Informational Lobbying And Agenda Distortion
Arnaud Dellis () and
Christopher Cotton ()
No 1348, Working Paper from Economics Department, Queen's University
We challenge the prevailing view that pure informational lobbying (in the absence of political contributions and evidence distortion or withholding)leads to better informed policymaking. In the absence of lobbying, the policymaker may prioritize the more-important or ex ante more-promising issues. Recognizing this, interest groups involved with other issues can have an incentive to lobby, in order to change the issues that the policymaker learns about and prioritize. We identify two channels through which informational lobbying is detrimental,in the sense of leading to worse policy and possibly less-informed policy choices. First, it can cause the policymaker to give priority to less important issues with active lobbies, rather than the issues that are more-important to his constituents. Second, lobbying by interest groups on issues with ex ante less-promising reforms may crowd out informationcollection by the policymaker on issues with more-promising reforms. The analysis fully characterizes the set of detrimental lobbying equilibria under two alternative types of issue asymmetry.
Keywords: Lobbying; agenda setting; information collection; persuasion; information crowd out; political influence; interest groups (search for similar items in EconPapers)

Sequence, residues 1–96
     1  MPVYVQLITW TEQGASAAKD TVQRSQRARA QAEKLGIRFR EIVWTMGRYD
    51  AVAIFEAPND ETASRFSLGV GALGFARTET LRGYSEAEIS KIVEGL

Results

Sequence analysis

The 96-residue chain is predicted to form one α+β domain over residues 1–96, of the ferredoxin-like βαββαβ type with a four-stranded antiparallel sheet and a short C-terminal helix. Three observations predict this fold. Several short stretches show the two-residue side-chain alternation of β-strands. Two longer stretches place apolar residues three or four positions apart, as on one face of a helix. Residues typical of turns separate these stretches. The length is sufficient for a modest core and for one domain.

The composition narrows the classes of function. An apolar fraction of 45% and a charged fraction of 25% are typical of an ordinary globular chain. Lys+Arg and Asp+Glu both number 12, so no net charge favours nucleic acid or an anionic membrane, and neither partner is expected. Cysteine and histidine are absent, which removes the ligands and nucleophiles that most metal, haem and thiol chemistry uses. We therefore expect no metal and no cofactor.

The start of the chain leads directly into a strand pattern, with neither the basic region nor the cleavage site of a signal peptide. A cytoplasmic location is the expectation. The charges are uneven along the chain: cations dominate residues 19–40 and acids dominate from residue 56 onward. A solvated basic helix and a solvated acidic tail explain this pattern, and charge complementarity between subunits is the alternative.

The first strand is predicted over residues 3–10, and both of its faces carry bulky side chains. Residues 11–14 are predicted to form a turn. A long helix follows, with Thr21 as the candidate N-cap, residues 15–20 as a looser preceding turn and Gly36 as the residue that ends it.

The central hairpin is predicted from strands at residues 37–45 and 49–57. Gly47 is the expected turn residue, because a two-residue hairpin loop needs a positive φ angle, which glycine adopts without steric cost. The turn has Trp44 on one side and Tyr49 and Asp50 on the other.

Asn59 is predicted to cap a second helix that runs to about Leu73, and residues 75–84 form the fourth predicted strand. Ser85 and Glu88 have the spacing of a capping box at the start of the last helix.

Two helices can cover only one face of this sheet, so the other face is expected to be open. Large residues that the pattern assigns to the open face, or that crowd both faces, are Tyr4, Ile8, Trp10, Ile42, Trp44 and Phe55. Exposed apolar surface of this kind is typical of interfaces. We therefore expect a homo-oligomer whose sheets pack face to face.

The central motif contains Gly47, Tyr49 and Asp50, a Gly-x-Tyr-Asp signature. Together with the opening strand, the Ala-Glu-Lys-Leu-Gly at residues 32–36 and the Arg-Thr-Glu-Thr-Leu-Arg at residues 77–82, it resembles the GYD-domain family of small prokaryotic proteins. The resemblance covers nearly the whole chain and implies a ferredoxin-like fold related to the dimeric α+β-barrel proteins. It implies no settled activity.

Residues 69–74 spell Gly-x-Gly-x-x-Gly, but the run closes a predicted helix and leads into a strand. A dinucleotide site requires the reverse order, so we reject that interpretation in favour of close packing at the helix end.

JEL-codes: D72 D78 D83 (search for similar items in EconPapers)
Pages: 36 pages
New Economics Papers: this item is included in nep-ger and nep-mic
References: View references in EconPapers View complete reference list from CitEc
Citations: View citations in EconPapers (6) Track citations by RSS feed
Downloads: (external link)
https://www.econ.queensu.ca/sites/econ.queensu.ca/files/qed_wp_1348.pdf First version 2015 (application/pdf)
Journal Article: Informational Lobbying and Agenda Distortion (2016)
Working Paper: Informational Lobbying and Agenda Distortion (2012)
This item may be available elsewhere in EconPapers: Search for items with the same title.
Export reference: BibTeX
RIS (EndNote, ProCite, RefMan)
Persistent link: https://EconPapers.repec.org/RePEc:qed:wpaper:1348
Access Statistics for this paper
More papers in Working Paper from Economics Department, Queen's University Contact information at EDIRC.
Bibliographic data for series maintained by Mark Babcock ().